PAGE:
pizza, wings—but the stores were all run-down: the
burger place was shuttered, the lights of the sandwich
shop were burned out, and the glass case at the yogurt
stop was smashed. Only one vendor’s lights were on. Its
awning was black with the word Aevum spelled out in
bold gold letters.
A youthful figure with wavy auburn hair stood behind
its counter, wearing a white T-shirt, jeans, and a flat white
chef ’s hat. He was cooking something Cam couldn’t see.
The devil’s post-Fall guise could be anything, but Cam
always recognized Lucifer by the searing heat that emanated from him. Though twenty feet separated them, it
felt like Cam was standing right over a hot grill.
“Where are we?” Cam called. 

28 
25

Lucifer glanced over and gave Cam a strange, alluring
smile. He had the face of a handsome, charismatic twentytwo-year-old, a dusting of freckles on his nose.
“This is Aevum—sometimes referred to as Limbo,” the
devil said, picking up a large spatula. “It is a state of being
between time and eternity, and I’m running a special for
first-time customers.”
“I’m not hungry,” Cam said.
Lucifer’s wild eyes sparkled as he used the spatula to
flip something sizzling onto a brown cafeteria tray. Then
he moved behind a beige cash register and raised the
plastic divider separating the little kitchen from the food
court.
He rolled his shoulders and released his wings, which
were huge and stiff and greenish-gold, like ancient, tarnished jewelry. Cam held his breath against their repulsive, musty smell and the tiny black damned critters that
scuttled and nested in the folds.
With the cafeteria tray held high, Lucifer approached
Cam. He narrowed his eyes at Cam’s wings, where the fissure of white still glowed against the gold. “White’s not a
good color on you. Something you want to tell me?”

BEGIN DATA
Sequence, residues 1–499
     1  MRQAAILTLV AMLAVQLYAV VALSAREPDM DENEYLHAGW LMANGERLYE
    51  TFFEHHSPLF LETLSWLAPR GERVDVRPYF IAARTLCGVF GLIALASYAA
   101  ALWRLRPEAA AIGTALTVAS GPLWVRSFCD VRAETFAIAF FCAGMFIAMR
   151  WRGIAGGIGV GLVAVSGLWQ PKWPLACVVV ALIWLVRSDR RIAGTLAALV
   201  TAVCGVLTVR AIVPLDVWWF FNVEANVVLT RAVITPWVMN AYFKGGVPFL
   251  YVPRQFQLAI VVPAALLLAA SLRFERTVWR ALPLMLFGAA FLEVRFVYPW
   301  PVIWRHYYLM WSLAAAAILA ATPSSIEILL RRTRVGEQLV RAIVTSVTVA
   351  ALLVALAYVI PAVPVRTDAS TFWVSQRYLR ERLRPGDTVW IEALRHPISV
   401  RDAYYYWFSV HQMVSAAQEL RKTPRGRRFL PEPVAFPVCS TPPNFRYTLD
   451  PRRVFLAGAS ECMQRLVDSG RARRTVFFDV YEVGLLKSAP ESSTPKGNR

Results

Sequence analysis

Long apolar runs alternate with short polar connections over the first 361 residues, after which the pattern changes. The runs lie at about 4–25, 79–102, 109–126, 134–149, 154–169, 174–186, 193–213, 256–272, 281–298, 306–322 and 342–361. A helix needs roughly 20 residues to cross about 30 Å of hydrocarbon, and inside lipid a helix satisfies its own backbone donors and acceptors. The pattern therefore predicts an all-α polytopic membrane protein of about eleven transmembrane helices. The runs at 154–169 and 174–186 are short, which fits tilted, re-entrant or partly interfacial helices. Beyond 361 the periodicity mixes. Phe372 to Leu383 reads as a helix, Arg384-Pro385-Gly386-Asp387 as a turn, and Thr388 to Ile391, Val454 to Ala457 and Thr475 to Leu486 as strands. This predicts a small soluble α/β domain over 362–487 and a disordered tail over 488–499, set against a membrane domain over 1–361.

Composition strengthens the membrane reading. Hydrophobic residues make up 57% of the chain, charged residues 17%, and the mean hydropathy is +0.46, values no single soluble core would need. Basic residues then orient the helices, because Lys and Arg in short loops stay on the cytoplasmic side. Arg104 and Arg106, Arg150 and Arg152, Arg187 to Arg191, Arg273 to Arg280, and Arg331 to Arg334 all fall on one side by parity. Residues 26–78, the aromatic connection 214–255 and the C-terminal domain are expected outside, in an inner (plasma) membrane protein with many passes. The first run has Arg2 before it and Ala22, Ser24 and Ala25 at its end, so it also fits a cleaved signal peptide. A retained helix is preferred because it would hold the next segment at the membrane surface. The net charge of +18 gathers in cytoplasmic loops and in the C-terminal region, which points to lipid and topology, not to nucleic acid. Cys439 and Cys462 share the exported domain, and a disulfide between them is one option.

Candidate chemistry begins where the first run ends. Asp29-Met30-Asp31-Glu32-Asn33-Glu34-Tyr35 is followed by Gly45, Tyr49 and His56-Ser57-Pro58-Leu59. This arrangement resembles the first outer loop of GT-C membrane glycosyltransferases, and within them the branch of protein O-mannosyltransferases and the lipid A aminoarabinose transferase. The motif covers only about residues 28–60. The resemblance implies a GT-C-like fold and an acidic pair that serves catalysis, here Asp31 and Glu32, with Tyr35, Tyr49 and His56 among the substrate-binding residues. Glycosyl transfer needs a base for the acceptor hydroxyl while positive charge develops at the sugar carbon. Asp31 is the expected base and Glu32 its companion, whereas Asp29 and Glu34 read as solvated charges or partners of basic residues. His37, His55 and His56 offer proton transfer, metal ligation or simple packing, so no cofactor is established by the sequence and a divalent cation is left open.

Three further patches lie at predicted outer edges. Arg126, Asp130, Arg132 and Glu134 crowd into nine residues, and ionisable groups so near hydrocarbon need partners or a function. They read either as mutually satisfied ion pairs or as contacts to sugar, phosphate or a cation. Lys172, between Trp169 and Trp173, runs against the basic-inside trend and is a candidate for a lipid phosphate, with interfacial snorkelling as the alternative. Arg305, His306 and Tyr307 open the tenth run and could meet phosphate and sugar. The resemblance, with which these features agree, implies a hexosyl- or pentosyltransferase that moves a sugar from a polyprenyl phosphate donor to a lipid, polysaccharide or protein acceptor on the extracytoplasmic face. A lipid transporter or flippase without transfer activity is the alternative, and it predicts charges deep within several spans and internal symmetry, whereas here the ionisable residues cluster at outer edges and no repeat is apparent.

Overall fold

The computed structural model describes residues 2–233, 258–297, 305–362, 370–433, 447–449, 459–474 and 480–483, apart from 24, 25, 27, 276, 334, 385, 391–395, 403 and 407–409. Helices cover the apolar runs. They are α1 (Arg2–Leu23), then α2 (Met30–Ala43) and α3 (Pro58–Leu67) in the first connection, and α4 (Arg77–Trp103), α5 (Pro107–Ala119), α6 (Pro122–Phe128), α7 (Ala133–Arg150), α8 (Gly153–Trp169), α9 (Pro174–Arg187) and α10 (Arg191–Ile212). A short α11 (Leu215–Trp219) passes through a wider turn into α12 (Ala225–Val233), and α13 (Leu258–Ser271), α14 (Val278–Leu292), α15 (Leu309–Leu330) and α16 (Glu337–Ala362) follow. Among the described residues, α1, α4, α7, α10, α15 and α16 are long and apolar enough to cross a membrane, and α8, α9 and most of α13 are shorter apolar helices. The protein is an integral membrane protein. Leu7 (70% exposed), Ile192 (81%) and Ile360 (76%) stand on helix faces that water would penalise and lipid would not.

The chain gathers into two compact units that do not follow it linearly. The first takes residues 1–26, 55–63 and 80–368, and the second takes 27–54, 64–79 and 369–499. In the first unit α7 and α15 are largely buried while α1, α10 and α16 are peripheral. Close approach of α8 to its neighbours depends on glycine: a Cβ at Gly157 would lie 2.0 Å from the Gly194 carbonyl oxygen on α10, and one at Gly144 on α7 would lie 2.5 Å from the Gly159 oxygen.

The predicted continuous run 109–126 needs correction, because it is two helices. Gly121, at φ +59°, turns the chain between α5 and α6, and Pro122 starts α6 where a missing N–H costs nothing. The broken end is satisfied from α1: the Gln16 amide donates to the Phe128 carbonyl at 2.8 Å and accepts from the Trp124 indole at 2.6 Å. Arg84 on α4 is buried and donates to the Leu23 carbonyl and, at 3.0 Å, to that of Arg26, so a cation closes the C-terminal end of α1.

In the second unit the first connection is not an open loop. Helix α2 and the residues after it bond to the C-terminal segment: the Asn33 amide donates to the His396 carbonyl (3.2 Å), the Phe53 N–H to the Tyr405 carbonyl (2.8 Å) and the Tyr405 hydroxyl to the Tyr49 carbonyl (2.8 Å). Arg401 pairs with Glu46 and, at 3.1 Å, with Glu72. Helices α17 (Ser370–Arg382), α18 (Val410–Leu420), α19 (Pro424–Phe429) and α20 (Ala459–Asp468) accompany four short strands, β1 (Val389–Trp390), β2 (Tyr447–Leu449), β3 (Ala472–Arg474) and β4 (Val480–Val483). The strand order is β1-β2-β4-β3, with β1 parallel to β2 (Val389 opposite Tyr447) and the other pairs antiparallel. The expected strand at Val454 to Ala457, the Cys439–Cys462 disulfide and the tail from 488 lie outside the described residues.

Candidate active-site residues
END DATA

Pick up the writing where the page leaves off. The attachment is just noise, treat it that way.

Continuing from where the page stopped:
“What’s she doing in Hell, Lucifer?”
Lilith had been one of the most virtuous people Cam
had ever known. He couldn’t fathom how she could ever
have become one of Lucifer’s subjects.
“You know I can’t betray a confidence.” Lucifer smiled 

29 
26

and set the plastic tray down in front of Cam. On it was a
tiny snow globe with a golden base.
“What is this?” he asked. Dark gray ash filled the snow
globe. It fell ceaselessly, magically, nearly obscuring the
tiny lyre floating inside.
“See for yourself,” Lucifer said. “Turn it over.”
He turned the globe upside down and found a little
golden knob at its base. He wound it and let the lyre’s
music wash over him. It was the same melody he’d been
humming since he flew away from Troy: Lilith’s song.
That was how he thought of it.
He closed his eyes and was back on the riverbank in
Canaan, three millennia ago, listening to her play.
This cheap music-box version was more piercing than
Cam could have anticipated. His fingers tensed around
the globe. Then—
Pop.
The snow globe shattered. The music dwindled as
blood trickled down Cam’s palm.
Lucifer tossed him a reeking gray dishrag and gestured
for him to clean up the mess. “Lucky for you I have so
many.” He nodded at the table behind Cam. “Go ahead,
try another. Each one’s a little different!”
Cam set down the shards of the first snow globe, wiped
his hands, and watched the cuts in his palms heal. Then
he turned and looked again at the food court: in the center of each of the once-empty orange tables was a snow 

30 
27

globe atop a brown plastic tray. The number of tables in
the food court had grown—there was now a sea of them,
stretching into the dim distance.
Cam reached for the globe on the table behind him.
“Gently,” Lucifer said.
Inside this globe was a tiny violin. Cam turned the
knob and heard a different version of the same bittersweet
song.
The third globe contained a miniature cello.
Lucifer sat down and kicked his feet up as Cam moved
around the food court, winding each snow globe into
music. There were sitars, harps, violas. Lap steel guitars,
balalaikas, mandolins—each one playing an ode to Lilith’s
broken heart. “These globes . . . ,” Cam said slowly. “They
represent all the different Hells you’ve trapped her in.”
“And every time she dies in one of them,” Lucifer said,
“she ends up back here, where she is reminded anew of
your betrayal.” He stood and paced the aisles between tables, taking in his creations with pride. “And then, to keep
things interesting, I banish her to a new Hell crafted especially for her.” Lucifer grinned, exposing rows of razorsharp teeth. “I really can’t say what’s worse—the endless
Hells I subject her to again and again, or having to come